Jan 19 2014
The Rainmaker became an American 1956 film directed by Joseph Anthony and adapted by N. Richard Nash from his play The Rainmaker. The film tells the story of a middle-aged woman, suffering from unrequited love for the local town sheriff; however, she falls for a con man who comes to town with the promise that he can make it rain. It stars Burt Lancaster, Katharine Hepburn, Wendell Corey, Lloyd Bridges and Earl Holliman.
The best remembered facts about Charles Hatfield the real Rainmaker are that when he ministered to the sky it rained torrents and when he tried to collect $10,000 from the City of San Diego the mayor and council welshed.
Whether Hatfield really caused it to rain in San Diego County in 1907 is still being debated. However, the SDCWA tells us there is no immediate problem, so water rationing is not yet required, although Governor Brown has issued a drought emergency for the State of California. Currently the State’s reservoirs are 59% full, but the snow pack in the Sierras is only 20% of the historical average, and winter is nearly over.
It would appear the SDCWA is counting on a rainmaker since, if every drop was used from local reservoirs, we would have about three years supply of water. Now we know not every drop can be used, so since the Water Authority says we’re good for 2014, they expect 2015 to either be a wet year or they can call on Hatfield’s ghost to produce rain.
This is like a couple approaching retirement.
Dorothy: “John, you haven’t worked for three years now. We can’t go on living on our nest egg we saved for retirement.”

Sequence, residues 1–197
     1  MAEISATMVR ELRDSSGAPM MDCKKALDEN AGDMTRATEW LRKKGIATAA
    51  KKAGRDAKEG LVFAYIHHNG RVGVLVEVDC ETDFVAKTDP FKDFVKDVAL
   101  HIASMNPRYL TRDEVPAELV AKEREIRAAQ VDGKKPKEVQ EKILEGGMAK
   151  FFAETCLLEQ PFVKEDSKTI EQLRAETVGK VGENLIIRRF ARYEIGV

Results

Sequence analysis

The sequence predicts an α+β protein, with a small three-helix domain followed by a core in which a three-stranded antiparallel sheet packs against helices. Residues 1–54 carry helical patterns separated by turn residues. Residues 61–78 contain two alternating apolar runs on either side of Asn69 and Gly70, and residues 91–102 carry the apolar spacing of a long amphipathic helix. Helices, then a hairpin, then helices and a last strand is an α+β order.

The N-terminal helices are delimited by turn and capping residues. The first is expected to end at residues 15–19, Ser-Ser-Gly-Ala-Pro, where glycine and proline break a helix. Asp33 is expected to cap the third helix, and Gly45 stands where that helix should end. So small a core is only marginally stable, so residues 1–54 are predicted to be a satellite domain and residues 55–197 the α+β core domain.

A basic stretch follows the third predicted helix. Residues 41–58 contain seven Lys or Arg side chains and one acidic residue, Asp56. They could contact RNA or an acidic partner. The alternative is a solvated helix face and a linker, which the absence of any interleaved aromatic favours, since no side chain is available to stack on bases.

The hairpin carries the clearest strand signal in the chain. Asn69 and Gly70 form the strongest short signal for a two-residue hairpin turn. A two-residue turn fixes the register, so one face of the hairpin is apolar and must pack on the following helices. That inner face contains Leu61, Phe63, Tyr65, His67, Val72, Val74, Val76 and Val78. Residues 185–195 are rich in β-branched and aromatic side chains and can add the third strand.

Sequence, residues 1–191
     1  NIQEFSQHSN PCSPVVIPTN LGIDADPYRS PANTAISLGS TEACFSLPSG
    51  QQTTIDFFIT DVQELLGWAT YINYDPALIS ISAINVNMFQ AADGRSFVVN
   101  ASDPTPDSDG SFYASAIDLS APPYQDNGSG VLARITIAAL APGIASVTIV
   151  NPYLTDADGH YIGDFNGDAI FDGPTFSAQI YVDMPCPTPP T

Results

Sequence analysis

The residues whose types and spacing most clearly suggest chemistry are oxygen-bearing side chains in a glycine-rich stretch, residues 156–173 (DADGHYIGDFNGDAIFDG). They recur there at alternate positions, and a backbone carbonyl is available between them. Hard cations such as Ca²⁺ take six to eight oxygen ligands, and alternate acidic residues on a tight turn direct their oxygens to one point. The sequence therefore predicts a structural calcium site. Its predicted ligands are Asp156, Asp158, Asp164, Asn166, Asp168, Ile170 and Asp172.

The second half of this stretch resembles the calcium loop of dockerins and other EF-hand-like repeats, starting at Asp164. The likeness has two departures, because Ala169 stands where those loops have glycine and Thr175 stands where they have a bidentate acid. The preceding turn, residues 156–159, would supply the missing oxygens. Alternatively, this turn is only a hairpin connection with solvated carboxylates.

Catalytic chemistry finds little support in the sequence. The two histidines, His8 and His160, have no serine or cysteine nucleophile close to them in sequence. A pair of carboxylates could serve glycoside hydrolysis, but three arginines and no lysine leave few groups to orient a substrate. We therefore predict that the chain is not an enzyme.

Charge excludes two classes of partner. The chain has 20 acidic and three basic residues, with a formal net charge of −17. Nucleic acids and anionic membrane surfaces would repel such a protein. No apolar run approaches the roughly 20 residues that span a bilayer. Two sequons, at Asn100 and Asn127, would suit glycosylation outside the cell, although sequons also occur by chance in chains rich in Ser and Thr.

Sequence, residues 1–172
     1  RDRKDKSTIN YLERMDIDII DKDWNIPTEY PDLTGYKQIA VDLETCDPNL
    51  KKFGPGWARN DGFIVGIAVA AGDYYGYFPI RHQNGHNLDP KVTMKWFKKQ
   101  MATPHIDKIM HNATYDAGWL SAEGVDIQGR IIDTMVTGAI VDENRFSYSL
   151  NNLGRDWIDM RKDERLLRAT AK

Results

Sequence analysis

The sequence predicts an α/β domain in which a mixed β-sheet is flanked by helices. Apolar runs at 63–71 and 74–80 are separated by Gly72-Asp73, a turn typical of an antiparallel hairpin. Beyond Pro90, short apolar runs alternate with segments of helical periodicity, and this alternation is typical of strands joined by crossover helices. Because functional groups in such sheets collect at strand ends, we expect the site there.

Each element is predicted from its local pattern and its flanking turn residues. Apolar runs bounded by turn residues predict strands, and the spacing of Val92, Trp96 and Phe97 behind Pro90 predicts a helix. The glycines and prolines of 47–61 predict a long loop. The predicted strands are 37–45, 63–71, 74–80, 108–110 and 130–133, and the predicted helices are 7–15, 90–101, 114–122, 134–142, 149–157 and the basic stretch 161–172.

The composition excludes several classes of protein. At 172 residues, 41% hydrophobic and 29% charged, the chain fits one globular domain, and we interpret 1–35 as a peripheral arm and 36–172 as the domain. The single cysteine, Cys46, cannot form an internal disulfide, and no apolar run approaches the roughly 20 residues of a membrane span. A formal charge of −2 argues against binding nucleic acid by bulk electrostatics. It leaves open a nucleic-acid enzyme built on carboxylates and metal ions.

John: “It’s okay, next year I’ll have a job, and replace the money.”
Dorothy: “How do you know that?”
John: “What’s for dinner?”
Dorothy: “Don’t change the subject!”
And the conversation deteriorated from there.
An Analogy can have limitations, and this one does. John and Dorothy are just two people, not the nearly 25 million people in Southern California who depend on the diminishing Colorado River and the seismically unstable State Water Project, in a three year drought to boot.
The answer should be to raise the price of water delivered to agri-business and residential users to fund the infrastructure for recycling the precious water we do have. But do we hear anything from SDCWA about that? The answer is no, and the reasons are obvious. They want to keep their jobs.
Next year when we are still enjoying summer weather in the middle of January, will they still be assuring us all is well, or can we expect action? I doubt it. Like John, “next year I’ll have a job and replace the money” [next year the rainmaker is coming, and the reservoirs will fill]
And the story continues…….
Milton N. Burgess, P. E., FASPE
Author of “Water Shock, The Day Southern California Went Dry”